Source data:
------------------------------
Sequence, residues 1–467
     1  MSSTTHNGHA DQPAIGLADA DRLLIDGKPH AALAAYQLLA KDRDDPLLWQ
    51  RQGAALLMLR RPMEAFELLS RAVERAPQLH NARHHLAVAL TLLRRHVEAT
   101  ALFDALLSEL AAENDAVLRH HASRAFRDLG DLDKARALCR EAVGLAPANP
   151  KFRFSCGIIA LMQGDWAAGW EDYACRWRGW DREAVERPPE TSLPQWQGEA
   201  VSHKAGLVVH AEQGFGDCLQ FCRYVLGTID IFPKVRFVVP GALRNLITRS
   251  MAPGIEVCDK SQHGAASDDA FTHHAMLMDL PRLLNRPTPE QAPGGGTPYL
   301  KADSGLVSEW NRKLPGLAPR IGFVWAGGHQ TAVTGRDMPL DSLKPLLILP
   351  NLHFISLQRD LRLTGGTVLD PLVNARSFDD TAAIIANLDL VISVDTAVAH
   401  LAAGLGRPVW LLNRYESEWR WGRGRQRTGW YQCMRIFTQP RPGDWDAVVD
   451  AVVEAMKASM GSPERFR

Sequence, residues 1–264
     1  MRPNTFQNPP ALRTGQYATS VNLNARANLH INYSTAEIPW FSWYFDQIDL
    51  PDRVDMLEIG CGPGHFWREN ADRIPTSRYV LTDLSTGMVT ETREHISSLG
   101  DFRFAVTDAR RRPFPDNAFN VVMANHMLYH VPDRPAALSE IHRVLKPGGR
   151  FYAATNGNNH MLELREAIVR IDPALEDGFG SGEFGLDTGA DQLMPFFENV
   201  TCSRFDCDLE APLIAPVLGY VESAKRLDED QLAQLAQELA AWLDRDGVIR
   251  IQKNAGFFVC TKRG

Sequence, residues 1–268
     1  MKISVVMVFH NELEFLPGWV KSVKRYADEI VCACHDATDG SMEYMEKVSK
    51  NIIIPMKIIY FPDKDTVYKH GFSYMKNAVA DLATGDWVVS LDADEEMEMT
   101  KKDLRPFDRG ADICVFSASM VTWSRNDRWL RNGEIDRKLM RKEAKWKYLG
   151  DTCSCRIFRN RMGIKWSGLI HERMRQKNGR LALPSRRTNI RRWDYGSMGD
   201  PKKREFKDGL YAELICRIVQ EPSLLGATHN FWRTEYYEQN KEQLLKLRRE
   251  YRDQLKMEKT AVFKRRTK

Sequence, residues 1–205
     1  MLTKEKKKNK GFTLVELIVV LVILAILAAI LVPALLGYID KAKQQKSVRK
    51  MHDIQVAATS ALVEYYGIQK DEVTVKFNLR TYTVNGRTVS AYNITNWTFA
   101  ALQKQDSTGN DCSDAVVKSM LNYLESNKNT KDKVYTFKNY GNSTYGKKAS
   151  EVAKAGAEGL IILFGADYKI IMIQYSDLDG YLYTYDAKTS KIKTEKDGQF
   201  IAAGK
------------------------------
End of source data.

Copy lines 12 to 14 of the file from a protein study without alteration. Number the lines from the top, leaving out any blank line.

Sequence, residues 1–264
     1  MRPNTFQNPP ALRTGQYATS VNLNARANLH INYSTAEIPW FSWYFDQIDL
    51  PDRVDMLEIG CGPGHFWREN ADRIPTSRYV LTDLSTGMVT ETREHISSLG